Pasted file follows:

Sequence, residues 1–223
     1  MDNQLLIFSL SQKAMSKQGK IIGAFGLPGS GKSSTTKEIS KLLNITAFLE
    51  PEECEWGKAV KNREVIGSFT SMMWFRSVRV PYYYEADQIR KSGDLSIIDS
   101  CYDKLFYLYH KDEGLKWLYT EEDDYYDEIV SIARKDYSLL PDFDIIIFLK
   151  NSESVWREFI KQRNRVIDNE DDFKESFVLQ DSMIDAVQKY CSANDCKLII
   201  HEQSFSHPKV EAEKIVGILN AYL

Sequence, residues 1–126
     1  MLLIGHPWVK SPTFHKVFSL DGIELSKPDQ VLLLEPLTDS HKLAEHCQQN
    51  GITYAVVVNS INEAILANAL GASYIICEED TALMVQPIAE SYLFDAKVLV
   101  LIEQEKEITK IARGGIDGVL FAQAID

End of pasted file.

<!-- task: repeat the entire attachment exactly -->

Sequence, residues 1–223
     1  MDNQLLIFSL SQKAMSKQGK IIGAFGLPGS GKSSTTKEIS KLLNITAFLE
    51  PEECEWGKAV KNREVIGSFT SMMWFRSVRV PYYYEADQIR KSGDLSIIDS
   101  CYDKLFYLYH KDEGLKWLYT EEDDYYDEIV SIARKDYSLL PDFDIIIFLK
   151  NSESVWREFI KQRNRVIDNE DDFKESFVLQ DSMIDAVQKY CSANDCKLII
   201  HEQSFSHPKV EAEKIVGILN AYL

Sequence, residues 1–126
     1  MLLIGHPWVK SPTFHKVFSL DGIELSKPDQ VLLLEPLTDS HKLAEHCQQN
    51  GITYAVVVNS INEAILANAL GASYIICEED TALMVQPIAE SYLFDAKVLV
   101  LIEQEKEITK IARGGIDGVL FAQAID